Both incumbent Rich Pohlmeier of Brownton and challenger Daryl Luthens of rural Hutchinson want to represent McLeod County District 4 on the County Board for the next four years.
The District 4 commissioner represents the southeast side of Hutchinson, Biscay, Brownton, Hassan Valley Township, Rich Valley Township and Sumter Township.
In order to help voters get to know them a little better, the candidates attended a forum hosted by the Leader this past Thursday to answer questions submitted by county residents. The full forum video can be found at tinyurl.com/yyqutz6q.
In their opening statements, both men billed themselves as fiscally responsible, and both said balancing and managing the county’s budget would be among their top priorities if elected. When answering questions, however, there was a divide at times about what that meant as Pohlmeier defended some of the financial decisions taken by the board in the past four years, while Luthens was critical at times.
“In the role of county commissioner, I will bring common sense leadership and accountability,” Luthens said. “I believe we need transparency in how we manage our county and account for our taxpayer money.”
“As a sports official, I’ve learned how to administer rules fairly and respectfully, much like government with our guidelines and mandates that we need to follow,” Pohlmeier said. “I believe in honesty, respect and fiscal responsibility.”
On the county’s largest financial decision in recent years, the $12 million remodel of the former Jungclaus building in Glencoe into a government center, Pohlmeier strongly defended the decision. He pointed to cost-saving efficiencies that will be possible by combining departments under one roof, and noted the county is paying much less than other counties with similar projects.
“We are getting this whole project done on time, under budget,” he said. “We are looking to be able to have a one-stop shop for county residents. We won’t have people traveling across Glencoe to three different buildings to get county work done.”
Luthens said he didn’t have all the facts to fully answer the question, but “anything I’ve done in my past, I analyze the building, if we’re going to build new or not. … Building a brand new building is cheaper than trying to work with an old building and remodeling and putting new stuff back into it, especially if we’re going to use the whole building.”
Trailblazer Transit and whether it provides adequate service for the taxpayer investment was another funding issue. Both men felt it was a good program overall, however Luthens questioned whether routes with only one or two people were necessary, while Pohlmeier pointed out that the program is largely mandated and funded by the Minnesota Department of Transportation.
Two areas where the candidates seemed to be mostly in agreement were on county recycling services and development of the Dakota Rail Regional Trail. Both felt township residents should have recycling opportunities, but also said more work needed to be done to find a cost-effective way of doing so. They were also opposed to county funds being used to develop the Dakota Rail Trail.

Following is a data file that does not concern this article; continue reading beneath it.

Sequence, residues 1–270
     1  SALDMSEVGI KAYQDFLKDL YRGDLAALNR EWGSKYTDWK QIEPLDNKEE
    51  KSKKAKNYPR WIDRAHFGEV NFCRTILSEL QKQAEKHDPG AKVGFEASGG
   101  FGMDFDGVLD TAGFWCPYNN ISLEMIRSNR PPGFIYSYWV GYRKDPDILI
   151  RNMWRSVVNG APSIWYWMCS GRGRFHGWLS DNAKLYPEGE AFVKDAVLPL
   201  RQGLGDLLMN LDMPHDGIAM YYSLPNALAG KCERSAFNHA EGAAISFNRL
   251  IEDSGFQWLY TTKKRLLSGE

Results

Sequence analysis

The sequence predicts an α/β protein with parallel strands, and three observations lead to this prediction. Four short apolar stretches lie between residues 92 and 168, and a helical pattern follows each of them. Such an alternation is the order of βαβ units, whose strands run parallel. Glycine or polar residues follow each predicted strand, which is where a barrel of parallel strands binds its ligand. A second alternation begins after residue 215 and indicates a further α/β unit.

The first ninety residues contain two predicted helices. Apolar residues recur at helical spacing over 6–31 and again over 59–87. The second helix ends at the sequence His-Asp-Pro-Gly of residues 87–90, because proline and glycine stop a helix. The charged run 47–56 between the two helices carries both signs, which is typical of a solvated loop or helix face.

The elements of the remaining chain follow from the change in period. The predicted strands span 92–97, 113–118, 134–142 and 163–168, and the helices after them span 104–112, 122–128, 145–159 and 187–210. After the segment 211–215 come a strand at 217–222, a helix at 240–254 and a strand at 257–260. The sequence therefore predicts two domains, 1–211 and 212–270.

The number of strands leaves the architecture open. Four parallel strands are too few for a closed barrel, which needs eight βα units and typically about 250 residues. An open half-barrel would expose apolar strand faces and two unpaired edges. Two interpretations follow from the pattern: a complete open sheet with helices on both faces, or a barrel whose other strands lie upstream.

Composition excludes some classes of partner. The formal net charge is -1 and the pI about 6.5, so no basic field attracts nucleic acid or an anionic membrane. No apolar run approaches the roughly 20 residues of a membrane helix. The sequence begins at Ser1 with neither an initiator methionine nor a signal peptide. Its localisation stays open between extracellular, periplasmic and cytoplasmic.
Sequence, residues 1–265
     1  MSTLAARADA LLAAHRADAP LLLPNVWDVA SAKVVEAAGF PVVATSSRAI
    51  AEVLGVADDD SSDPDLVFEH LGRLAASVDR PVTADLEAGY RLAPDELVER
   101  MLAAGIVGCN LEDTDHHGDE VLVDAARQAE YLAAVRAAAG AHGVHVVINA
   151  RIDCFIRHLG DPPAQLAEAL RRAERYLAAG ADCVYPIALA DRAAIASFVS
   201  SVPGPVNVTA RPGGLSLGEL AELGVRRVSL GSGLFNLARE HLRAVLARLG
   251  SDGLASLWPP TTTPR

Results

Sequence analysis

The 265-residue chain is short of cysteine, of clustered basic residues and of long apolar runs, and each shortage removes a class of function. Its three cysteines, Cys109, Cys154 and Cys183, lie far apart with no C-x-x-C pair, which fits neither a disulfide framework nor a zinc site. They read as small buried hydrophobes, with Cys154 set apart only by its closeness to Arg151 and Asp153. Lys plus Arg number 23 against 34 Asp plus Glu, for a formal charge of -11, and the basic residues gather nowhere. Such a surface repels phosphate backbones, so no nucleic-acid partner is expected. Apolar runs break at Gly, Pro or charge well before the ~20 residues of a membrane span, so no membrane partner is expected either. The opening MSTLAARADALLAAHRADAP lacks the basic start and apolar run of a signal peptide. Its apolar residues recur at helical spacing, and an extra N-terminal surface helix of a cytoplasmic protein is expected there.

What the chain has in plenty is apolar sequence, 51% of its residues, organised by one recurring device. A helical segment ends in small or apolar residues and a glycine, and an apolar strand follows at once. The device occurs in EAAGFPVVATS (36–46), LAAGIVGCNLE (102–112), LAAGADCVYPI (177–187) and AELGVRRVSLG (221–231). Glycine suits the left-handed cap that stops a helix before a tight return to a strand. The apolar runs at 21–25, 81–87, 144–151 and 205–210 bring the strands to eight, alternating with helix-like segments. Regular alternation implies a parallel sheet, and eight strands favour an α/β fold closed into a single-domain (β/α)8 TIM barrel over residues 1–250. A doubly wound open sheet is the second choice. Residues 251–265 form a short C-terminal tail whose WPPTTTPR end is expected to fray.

“I believe it should not be paved,” Luthens said. “Money can be used elsewhere, and the maintenance, if it was paved, would be just a huge maintenance upkeep.”
“Personally, the only way that I can support the Dakota Rail Trail is through Legacy funding, which is applied through for the state,” Pohlmeier said. “I don’t see any county funding going into the trail system anywhere in the near future.”
When asked whether they would support refugee resettlement in the county, the two men diverged once again. While Luthens would not support resettlement in the county, saying, “as I’ve seen outside in other areas, it wasn’t very good,” Pohlmeier was nuanced in his response.
“I think we have to be very careful at what we’re looking at,” Pohlmeier said. “With that order, it was rather vague. I would support the vetted refugees to come to this area, but not anyone else.”
Finally, the candidates emphasized that county commissioners are responsible to the taxpayers who vote them into office, though Pohlmeier said they are often limited by state mandates and guidelines.
“(A commissioner’s job) is to provide leadership (and) give our staff the tools they need to do the job they do to keep our county running,” Pohlmeier said. “We’re navigating through mandates and budgets, and you handle everything in a board meeting from ditch flow to water to social services to public health. So you wear many hats.”
“We’re responsible for the tax dollars coming in,” Luthens said, “watching the income and expenses, working with department heads on their budgets yearly, and working on policies mostly.”